Crashing

by Alle C. Hall
She was eight and at the beach and she felt like a movie star.

Joshua

by Jordana Jacobs
Inside the ovaries of my husband’s grandmother, Sylvie, resided an egg the size of a grain of sand that would have been Hannah, my brilliant and accomplished mother-in-law.

Wapiti Nocturne

by Douglas W. Milliken
Mum died in the last days of October, leaving—among other things—a lot of fall-time chores incomplete.

Palloncino

by Lauren Lynn Matheny
Whatever the color, there had been a balloon. There had been a boy. And there had been a fall.

White Chrysanthemums

by Lori Nevole
My first girlfriend was Catholic, and thought no one would know she was a lesbian if she kept up a great manicure.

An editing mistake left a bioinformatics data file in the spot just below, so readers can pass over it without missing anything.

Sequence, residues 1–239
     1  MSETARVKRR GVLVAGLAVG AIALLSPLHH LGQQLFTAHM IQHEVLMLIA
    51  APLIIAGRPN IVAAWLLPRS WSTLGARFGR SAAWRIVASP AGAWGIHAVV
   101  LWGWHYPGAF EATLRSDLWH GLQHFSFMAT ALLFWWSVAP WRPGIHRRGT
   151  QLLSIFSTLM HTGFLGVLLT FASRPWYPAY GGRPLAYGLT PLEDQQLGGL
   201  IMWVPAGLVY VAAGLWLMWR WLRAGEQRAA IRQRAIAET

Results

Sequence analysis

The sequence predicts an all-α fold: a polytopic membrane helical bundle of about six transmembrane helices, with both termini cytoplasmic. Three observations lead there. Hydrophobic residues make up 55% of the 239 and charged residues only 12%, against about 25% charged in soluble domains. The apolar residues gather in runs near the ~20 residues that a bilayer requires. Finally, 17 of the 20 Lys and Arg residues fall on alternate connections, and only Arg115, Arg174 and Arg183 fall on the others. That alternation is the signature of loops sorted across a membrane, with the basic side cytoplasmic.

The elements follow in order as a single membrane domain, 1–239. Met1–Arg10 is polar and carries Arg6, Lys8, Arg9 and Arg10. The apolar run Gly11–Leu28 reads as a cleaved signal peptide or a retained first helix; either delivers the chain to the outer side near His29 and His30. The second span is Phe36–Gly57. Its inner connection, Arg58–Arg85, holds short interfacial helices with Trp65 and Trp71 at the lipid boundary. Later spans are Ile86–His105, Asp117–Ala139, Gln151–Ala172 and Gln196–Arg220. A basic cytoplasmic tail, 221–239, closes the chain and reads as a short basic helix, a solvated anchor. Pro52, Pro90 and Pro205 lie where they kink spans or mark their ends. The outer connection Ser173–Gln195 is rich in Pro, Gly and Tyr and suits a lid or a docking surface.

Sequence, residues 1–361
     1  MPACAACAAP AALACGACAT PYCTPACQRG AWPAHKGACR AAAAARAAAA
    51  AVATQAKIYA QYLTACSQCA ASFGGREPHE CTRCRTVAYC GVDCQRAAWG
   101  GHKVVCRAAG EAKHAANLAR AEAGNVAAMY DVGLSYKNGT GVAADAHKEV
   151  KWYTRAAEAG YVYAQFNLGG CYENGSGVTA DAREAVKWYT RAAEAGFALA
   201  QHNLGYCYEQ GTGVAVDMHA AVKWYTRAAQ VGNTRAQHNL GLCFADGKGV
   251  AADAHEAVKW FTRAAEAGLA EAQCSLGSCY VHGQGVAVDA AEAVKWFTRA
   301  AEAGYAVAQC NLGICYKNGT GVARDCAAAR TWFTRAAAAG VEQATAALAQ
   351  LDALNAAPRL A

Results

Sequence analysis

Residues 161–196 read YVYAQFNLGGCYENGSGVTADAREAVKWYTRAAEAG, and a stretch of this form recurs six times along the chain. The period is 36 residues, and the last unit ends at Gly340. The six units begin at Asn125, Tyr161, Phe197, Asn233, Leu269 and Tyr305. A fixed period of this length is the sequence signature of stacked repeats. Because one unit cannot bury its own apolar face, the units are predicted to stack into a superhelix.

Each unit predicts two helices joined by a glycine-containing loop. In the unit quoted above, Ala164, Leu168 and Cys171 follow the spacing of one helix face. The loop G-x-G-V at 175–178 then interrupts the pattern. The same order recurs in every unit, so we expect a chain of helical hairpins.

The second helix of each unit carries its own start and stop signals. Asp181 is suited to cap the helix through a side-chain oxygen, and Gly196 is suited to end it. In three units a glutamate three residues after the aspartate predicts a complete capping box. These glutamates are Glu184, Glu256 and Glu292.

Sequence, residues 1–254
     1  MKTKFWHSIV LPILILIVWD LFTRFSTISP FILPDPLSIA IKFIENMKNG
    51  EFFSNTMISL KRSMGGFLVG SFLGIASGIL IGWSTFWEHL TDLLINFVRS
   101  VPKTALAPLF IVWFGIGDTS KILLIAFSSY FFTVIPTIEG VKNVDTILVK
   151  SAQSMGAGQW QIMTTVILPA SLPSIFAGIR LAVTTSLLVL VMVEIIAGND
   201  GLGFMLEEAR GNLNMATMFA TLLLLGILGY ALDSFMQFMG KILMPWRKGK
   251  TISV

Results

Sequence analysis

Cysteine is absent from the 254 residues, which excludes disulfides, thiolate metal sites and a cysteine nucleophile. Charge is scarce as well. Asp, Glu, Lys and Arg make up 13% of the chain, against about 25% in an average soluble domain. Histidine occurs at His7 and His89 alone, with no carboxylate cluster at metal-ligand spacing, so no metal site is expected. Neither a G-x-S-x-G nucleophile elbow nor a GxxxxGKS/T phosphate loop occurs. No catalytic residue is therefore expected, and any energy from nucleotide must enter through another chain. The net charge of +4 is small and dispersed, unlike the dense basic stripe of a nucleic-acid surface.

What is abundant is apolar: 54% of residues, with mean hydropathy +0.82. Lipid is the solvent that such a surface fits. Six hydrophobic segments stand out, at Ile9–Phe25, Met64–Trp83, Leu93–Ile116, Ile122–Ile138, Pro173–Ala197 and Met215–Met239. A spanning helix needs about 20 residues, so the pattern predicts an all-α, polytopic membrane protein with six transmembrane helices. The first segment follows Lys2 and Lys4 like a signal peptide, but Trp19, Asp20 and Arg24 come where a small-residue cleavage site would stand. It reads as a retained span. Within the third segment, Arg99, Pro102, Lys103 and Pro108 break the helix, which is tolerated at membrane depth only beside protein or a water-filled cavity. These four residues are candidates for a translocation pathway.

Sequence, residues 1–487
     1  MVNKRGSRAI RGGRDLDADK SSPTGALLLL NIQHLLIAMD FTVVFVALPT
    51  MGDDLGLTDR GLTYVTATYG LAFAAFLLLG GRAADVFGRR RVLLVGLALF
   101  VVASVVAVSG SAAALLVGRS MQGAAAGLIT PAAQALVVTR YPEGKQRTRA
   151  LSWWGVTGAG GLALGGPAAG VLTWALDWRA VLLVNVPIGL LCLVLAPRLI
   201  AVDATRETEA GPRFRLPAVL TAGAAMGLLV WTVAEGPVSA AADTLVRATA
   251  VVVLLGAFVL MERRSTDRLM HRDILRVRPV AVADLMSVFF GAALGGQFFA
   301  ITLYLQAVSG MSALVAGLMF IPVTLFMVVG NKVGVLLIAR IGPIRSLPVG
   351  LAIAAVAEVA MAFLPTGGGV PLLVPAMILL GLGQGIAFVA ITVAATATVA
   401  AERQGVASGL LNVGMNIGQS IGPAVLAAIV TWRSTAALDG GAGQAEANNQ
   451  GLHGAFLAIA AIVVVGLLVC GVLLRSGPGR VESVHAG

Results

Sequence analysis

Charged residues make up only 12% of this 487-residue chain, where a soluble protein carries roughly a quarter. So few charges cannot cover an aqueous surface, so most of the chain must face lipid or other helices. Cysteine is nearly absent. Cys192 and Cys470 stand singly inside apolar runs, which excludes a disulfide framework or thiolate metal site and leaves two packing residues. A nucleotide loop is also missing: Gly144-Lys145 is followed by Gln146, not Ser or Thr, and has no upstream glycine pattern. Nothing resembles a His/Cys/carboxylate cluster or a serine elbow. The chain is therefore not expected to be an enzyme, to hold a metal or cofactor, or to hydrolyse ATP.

Hollows

by Tommy Dean
We’re lying in the middle of a cracked country road, fireflies blinking a message we’re too human to understand.

A Tragedy, A Process, An Adjustment

by Betsy Porter
She would be devastated if something happened to him—a car accident, for example, it’s entirely possible.

Aim

by Rebecca Foust
If Pastor Dale’s deer-stand was built as a place from which to squeeze a hair trigger, it also ladled up a grand view of the valley below, thick with hickory, sycamore, and elm.

Living With Lies

by Gita M. Smith
Whenever someone asks me, “So, what do you do?” I like to say, “I am a crash test dummy tech for the National Highway Traffic Safety folks.”

Clemency

by Cady Vishniac
A dead ringer for Josey. She sneezes as she walks into the pharmacy, and I look up from the newspaper I’m not supposed to be reading.